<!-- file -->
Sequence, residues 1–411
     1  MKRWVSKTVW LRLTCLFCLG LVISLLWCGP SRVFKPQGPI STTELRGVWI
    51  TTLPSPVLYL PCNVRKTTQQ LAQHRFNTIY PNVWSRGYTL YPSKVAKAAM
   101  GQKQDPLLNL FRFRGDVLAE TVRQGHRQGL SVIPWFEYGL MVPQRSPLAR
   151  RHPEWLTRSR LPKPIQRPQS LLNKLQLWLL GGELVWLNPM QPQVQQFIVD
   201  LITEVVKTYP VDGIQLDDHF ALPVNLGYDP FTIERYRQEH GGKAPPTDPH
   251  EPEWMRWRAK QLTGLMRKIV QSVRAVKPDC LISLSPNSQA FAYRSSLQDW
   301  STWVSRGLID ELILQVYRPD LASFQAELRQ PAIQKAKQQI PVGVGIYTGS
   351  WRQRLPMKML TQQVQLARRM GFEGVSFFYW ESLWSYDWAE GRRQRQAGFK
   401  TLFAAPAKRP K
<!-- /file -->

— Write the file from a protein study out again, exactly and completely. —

Sequence, residues 1–411
     1  MKRWVSKTVW LRLTCLFCLG LVISLLWCGP SRVFKPQGPI STTELRGVWI
    51  TTLPSPVLYL PCNVRKTTQQ LAQHRFNTIY PNVWSRGYTL YPSKVAKAAM
   101  GQKQDPLLNL FRFRGDVLAE TVRQGHRQGL SVIPWFEYGL MVPQRSPLAR
   151  RHPEWLTRSR LPKPIQRPQS LLNKLQLWLL GGELVWLNPM QPQVQQFIVD
   201  LITEVVKTYP VDGIQLDDHF ALPVNLGYDP FTIERYRQEH GGKAPPTDPH
   251  EPEWMRWRAK QLTGLMRKIV QSVRAVKPDC LISLSPNSQA FAYRSSLQDW
   301  STWVSRGLID ELILQVYRPD LASFQAELRQ PAIQKAKQQI PVGVGIYTGS
   351  WRQRLPMKML TQQVQLARRM GFEGVSFFYW ESLWSYDWAE GRRQRQAGFK
   401  TLFAAPAKRP K